Wednesday, to nobody’s surprise, the House voted to impeach President Trump a second time, on grounds that he incited the violent protesters who stormed the Capitol. They were in such a rush to impeach him before he leaves office that they didn’t take time for the standard legal procedure of presenting evidence and letting him defend himself.
The vote was 232-197, with 10 Republicans joining the Democrats against Trump.
One Republican, Rep. Liz Cheney, was particularly outspoken, declaring, "The president of the United States summoned this mob, assembled the mob, and lit the flame of this attack. Everything that followed was his doing."
However, the FBI later announced that they had picked up evidence of plans for violence at the Capitol as early as January 5, the day before the attack, and they suspect some of the participants left the Trump rally early to pick up supplies and meet at the Capitol.
If so, that would mean that Trump’s speech, while it might have been irresponsible, did not incite the Capitol rioters, who planned their attack in advance and left before his speech to launch it.
This could mark the second time the Democrats rushed to judgement to impeach Trump, only to have their efforts collapse once they left the hyper-partisan House because they substituted partisan anger for solid legal evidence. This article explains how a Senate trial might not even happen.
Joe Biden seems to have cold feet about continuing this impeachment trial in the Senate, at least judging by his statement yesterday reminding Senators of “other urgent business” and his suggestion that they split their time between that and other things.
The fact is that by pulling this final rebuke of Trump, the House may have undercut Biden by handing the Senate a divisive, time-wasting responsibility (a trial to remove a President who’s already left office) just as Biden will be coming into office and wanting to fast-track his agenda. Mostly because they hope to ban Trump from running again, which it's doubtful the Senate has the power to do. It also tells us that for all their vilification of Trump, they still fear he might beat them in 2024.
Speaker Pelosi and the Democrats seem to think that they have put a real super-duper stain on Trump by impeaching him twice, but more so, they’ve stained themselves as rabid partisans and permanently devalued impeachment. Being “double-impeached” without proper procedure of evidence as he’s leaving office anyway is as hollow as Dean Wormer warning the frat boys in “Animal House” that they’re on “Double Secret Probation.”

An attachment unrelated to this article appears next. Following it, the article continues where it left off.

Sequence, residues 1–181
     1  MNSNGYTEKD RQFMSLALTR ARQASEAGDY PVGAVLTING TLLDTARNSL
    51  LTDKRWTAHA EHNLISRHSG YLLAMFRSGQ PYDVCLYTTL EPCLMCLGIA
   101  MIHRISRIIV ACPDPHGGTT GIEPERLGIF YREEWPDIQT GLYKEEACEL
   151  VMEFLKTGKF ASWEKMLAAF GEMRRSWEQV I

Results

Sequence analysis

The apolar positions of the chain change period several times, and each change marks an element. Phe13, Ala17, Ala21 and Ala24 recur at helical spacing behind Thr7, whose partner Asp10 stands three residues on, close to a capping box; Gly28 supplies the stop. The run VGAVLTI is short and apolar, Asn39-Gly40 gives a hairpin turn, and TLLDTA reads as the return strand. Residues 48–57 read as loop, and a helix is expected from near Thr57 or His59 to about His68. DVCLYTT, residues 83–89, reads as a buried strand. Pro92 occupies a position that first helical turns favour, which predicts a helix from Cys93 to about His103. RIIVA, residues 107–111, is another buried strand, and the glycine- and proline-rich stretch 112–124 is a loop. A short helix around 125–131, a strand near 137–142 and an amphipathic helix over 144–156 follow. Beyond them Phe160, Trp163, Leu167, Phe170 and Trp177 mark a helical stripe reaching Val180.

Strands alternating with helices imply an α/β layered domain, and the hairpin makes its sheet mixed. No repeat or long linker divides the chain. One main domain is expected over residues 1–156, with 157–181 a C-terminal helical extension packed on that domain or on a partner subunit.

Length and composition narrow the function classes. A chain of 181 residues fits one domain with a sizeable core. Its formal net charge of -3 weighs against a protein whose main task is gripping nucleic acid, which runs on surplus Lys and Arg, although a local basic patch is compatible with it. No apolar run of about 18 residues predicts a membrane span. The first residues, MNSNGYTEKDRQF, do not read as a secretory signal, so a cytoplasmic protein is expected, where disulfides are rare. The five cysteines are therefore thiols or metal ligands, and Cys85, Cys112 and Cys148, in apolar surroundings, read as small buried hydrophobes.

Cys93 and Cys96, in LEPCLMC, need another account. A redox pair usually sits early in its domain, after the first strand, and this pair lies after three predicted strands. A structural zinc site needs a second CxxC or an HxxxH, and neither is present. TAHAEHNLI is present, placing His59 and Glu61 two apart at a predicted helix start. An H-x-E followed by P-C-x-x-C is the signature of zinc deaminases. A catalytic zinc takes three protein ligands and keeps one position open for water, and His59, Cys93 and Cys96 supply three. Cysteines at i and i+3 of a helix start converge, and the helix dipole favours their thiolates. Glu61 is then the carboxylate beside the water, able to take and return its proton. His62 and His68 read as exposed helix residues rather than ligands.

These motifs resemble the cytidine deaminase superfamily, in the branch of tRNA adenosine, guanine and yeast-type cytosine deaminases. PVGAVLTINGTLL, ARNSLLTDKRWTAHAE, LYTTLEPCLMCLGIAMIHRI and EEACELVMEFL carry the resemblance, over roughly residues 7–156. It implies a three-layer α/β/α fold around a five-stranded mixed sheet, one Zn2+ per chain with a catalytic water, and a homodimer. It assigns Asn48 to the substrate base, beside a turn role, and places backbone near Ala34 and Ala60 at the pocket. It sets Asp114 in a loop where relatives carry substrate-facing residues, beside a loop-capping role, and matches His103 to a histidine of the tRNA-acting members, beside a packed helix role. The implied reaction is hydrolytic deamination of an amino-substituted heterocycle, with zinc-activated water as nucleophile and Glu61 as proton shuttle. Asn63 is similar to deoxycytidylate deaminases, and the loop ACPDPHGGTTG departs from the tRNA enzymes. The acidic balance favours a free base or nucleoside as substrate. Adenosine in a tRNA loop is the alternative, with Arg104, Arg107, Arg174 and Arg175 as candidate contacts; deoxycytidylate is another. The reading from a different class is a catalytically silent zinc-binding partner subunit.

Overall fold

Impeachment of a President is the most drastic of all remedies for the most serious of offenses. It’s a grave Constitutional crisis that should be undertaken with the utmost seriousness. By talking about impeaching Trump from the moment he was elected, then impeaching him over a phone call and having the Senate throw it out -- and then impeaching him again when he’s leaving office over a riot incitement charge that not only wouldn’t pass legal muster, but if it did, the people accusing him of it would be as guilty as he is -- they’ve reduced that most solemn of last-resort responsibilities to a nakedly partisan political ploy.
Want proof? A Georgia Republican Representative announced that she plans to introduce impeachment articles against Joe Biden the day after he takes office, over corruption related to China and Ukraine.
Of course, it won’t go anywhere in a Democrat House. But as satisfying as it might be for Republicans who’ve had to put up with Trump being attacked from day one – and now accused of attempting a coup by the same people who enabled the Russian Collusion attempted coup, and of inciting violent rioters by people who’ve spent the past year defending violent rioters – do we really want a banana republic-style nation where impeachment is just a meaningless political weapon that every President can expect to get hurled at him by the other party, like a mudball?
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